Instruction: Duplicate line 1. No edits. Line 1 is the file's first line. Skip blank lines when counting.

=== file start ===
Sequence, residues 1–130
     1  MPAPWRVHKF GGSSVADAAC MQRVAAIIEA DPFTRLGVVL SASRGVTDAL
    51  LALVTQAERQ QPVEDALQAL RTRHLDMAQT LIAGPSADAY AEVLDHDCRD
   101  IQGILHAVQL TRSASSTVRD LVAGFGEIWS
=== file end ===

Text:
Sequence, residues 1–130